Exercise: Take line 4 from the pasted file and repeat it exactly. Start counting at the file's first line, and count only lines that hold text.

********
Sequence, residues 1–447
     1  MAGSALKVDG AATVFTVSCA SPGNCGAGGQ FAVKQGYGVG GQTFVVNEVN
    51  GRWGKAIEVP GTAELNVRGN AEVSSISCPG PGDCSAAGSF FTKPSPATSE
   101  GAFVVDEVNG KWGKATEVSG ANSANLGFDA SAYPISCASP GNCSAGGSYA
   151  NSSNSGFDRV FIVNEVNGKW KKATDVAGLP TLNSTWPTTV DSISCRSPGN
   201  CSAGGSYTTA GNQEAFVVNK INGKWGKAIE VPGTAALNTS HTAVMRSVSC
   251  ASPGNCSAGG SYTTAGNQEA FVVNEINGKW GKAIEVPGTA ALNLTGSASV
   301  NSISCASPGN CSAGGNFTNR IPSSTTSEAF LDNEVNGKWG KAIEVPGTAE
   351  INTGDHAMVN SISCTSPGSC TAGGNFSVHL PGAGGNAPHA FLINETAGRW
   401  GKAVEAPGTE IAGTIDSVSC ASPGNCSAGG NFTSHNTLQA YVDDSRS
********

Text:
   101  GAFVVDEVNG KWGKATEVSG ANSANLGFDA SAYPISCASP GNCSAGGSYA